The Bible is the source of liberty (Quotation)

From Thomas Jefferson Encyclopedia

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(New page: The statement, '''"the Bible is the source of liberty"''' has not been found in any writings of Thomas Jefferson. The first known appearance of this quotation, attributed to Jefferson...)
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This quotation has also appeared as the prelude to a longer quotation: "The Bible is the source of liberty. I have always said, and I always will say, that the studious perusal of the sacred volume will make better citizens." This complete quotation appears, attributed to Jefferson, in the published transcript of a Senate Subcommittee hearing in 1954.<ref>''Christian amendment. Hearings before a subcommittee, Eighty-third Congress, second session, on S.J. Res. 87, proposing an amendment to the Constitution of the United States recognizing the authority and law of Jesus Christ. May 13, 17, 1954.'' (Washington: GPO, 1954), 45</ref> This quotation has also appeared as the prelude to a longer quotation: "The Bible is the source of liberty. I have always said, and I always will say, that the studious perusal of the sacred volume will make better citizens." This complete quotation appears, attributed to Jefferson, in the published transcript of a Senate Subcommittee hearing in 1954.<ref>''Christian amendment. Hearings before a subcommittee, Eighty-third Congress, second session, on S.J. Res. 87, proposing an amendment to the Constitution of the United States recognizing the authority and law of Jesus Christ. May 13, 17, 1954.'' (Washington: GPO, 1954), 45</ref>
-The second part of this quotation (starting with "I have always said...") has a much older pedigree. Daniel Webster, in a letter he wrote in 1852, described a conversation he had with Jefferson some twenty-seven years earlier, in which (Webster says) Jefferson said, "I have always said, and always will say, that the studious perusal of the sacred volume will make better citizens, better fathers, and better husbands."<ref>Daniel Webster to Professor Pease, 15 June 1852. [http://tjportal.monticello.org/cgi-bin/Pwebrecon.cgi?BBID=7756 ''Writings and Speeches of Daniel Webster'' (Boston: Little, Brown & Co., 1903), 16:656.</ref> This letter first appeared in print in As you might imagine, the circumstances make the authenticity of this statement somewhat questionable, although Jefferson did believe that the teachings of Jesus were a fine moral system.+The second part of this quotation (starting with "I have always said...") has a much older pedigree. Daniel Webster, in a letter he wrote in 1852, described a conversation he had with Jefferson some twenty-seven years earlier, in which (Webster says) Jefferson said, "I have always said, and always will say, that the studious perusal of the sacred volume will make better citizens, better fathers, and better husbands."<ref>Daniel Webster to Professor Pease, 15 June 1852. [http://tjportal.monticello.org/cgi-bin/Pwebrecon.cgi?BBID=7756 ''Writings and Speeches of Daniel Webster'' (Boston: Little, Brown & Co., 1903), 16:656.</ref> This letter first appeared in print in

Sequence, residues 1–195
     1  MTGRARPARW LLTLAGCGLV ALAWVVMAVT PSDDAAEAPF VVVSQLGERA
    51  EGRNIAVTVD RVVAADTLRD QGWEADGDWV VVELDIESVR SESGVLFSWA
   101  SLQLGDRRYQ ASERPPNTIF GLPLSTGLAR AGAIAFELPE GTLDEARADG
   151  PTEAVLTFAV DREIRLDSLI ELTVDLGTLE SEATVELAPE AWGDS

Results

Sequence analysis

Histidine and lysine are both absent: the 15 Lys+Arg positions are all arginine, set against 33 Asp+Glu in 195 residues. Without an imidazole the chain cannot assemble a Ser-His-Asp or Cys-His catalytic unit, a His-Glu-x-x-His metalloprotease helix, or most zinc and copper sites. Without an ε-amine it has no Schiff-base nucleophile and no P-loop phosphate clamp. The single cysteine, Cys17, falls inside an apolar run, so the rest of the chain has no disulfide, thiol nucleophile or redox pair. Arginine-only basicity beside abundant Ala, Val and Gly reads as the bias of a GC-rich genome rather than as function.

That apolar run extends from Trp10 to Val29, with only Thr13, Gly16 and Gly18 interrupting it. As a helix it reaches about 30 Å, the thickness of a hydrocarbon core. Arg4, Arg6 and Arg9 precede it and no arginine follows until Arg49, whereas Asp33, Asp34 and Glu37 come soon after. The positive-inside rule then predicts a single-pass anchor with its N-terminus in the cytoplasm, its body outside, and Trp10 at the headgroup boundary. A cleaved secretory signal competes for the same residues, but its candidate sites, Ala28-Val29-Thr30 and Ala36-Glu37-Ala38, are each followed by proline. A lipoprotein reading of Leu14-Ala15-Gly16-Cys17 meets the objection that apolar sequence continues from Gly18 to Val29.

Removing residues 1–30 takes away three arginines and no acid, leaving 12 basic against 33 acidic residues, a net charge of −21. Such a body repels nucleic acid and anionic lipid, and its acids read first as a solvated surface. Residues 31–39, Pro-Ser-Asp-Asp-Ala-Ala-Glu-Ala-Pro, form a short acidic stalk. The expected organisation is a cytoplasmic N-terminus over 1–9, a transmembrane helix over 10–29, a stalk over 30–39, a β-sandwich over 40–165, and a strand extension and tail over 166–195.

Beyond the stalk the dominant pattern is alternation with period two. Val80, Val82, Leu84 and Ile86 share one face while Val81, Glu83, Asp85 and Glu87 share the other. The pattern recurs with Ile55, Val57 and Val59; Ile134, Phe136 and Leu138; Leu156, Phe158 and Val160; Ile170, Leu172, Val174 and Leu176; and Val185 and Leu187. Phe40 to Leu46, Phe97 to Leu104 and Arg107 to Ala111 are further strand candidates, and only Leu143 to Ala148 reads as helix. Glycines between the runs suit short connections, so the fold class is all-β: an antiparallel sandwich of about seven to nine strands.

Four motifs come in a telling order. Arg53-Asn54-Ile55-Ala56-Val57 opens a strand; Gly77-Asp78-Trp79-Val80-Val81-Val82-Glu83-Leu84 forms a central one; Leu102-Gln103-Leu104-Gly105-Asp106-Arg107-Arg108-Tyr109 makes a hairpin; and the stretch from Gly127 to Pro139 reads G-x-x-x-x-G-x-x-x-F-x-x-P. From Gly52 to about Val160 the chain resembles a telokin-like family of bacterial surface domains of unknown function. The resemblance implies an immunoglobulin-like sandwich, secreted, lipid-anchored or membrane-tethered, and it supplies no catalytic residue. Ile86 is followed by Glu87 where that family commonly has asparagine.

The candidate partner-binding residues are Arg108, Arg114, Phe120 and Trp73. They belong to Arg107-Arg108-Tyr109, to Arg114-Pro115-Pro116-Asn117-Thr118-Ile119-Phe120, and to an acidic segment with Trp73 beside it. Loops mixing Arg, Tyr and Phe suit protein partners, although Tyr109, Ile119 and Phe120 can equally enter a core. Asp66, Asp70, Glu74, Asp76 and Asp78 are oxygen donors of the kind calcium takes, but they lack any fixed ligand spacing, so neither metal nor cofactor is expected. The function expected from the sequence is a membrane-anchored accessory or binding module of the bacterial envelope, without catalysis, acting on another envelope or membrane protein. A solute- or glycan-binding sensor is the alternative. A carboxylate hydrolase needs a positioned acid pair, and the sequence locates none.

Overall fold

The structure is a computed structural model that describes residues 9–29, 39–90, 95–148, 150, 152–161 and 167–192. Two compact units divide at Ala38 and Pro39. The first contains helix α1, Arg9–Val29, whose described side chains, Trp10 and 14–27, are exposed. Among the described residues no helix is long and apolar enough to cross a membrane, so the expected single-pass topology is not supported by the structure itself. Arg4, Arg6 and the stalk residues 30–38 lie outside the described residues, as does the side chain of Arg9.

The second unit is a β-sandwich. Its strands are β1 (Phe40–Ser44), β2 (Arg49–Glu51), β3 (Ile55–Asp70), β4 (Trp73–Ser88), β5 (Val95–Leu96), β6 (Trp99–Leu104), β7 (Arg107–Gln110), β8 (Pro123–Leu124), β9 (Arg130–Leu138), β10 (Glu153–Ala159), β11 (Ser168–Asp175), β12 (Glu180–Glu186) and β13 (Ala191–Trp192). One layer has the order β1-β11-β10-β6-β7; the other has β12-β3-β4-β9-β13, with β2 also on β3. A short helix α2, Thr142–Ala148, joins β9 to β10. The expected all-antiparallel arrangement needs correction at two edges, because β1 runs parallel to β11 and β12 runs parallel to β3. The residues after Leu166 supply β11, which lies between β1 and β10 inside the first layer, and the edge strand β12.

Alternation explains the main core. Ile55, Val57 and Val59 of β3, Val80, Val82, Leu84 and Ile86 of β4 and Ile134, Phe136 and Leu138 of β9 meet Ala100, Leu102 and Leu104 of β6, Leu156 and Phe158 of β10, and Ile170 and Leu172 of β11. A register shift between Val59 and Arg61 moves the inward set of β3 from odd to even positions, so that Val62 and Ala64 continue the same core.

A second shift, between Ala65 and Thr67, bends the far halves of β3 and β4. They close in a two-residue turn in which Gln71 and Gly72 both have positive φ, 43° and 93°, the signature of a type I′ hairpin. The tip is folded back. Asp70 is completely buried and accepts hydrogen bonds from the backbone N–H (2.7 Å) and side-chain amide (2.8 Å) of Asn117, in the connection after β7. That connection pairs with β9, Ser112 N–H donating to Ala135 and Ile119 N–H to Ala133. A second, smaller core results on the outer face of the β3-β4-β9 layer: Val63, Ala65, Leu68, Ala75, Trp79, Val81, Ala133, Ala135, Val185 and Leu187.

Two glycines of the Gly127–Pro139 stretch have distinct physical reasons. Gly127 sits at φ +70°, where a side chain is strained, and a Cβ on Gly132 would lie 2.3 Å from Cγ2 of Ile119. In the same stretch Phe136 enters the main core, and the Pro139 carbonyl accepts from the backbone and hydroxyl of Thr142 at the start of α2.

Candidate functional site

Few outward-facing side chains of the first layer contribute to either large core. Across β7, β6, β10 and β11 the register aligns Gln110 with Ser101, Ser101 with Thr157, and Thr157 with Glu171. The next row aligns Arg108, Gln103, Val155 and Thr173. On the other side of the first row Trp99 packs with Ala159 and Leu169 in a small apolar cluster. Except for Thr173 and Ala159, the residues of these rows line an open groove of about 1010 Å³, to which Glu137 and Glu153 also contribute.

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 +==Footnotes==
 +<references/>
[[Category:Spurious Quotations|Bible is the source of liberty]] [[Category:Spurious Quotations|Bible is the source of liberty]]

Revision as of 13:48, 18 October 2007

The statement, "the Bible is the source of liberty" has not been found in any writings of Thomas Jefferson.

The first known appearance of this quotation, attributed to Jefferson, is in the book Our Public Schools - Christian or Secular, by Renwick Harper Martin.[1] It could possibly be an inaccurate paraphrase of the famous line in the Declaration in Independence, "...they are endowed by their Creator with certain unalienable Rights, that among these are Life, Liberty and the pursuit of Happiness." However, "endowed by their Creator with...Liberty" is not equivalent to "the Bible is the source of liberty."

This quotation has also appeared as the prelude to a longer quotation: "The Bible is the source of liberty. I have always said, and I always will say, that the studious perusal of the sacred volume will make better citizens." This complete quotation appears, attributed to Jefferson, in the published transcript of a Senate Subcommittee hearing in 1954.[2]

The second part of this quotation (starting with "I have always said...") has a much older pedigree. Daniel Webster, in a letter he wrote in 1852, described a conversation he had with Jefferson some twenty-seven years earlier, in which (Webster says) Jefferson said, "I have always said, and always will say, that the studious perusal of the sacred volume will make better citizens, better fathers, and better husbands."[3] This letter first appeared in print in

Footnotes

  1. Renwick Harper Martin, [Our Public Schools - Christian or Secular,] (National Reform Association, 1952), 39.
  2. Christian amendment. Hearings before a subcommittee, Eighty-third Congress, second session, on S.J. Res. 87, proposing an amendment to the Constitution of the United States recognizing the authority and law of Jesus Christ. May 13, 17, 1954. (Washington: GPO, 1954), 45
  3. Daniel Webster to Professor Pease, 15 June 1852. [http://tjportal.monticello.org/cgi-bin/Pwebrecon.cgi?BBID=7756 Writings and Speeches of Daniel Webster (Boston: Little, Brown & Co., 1903), 16:656.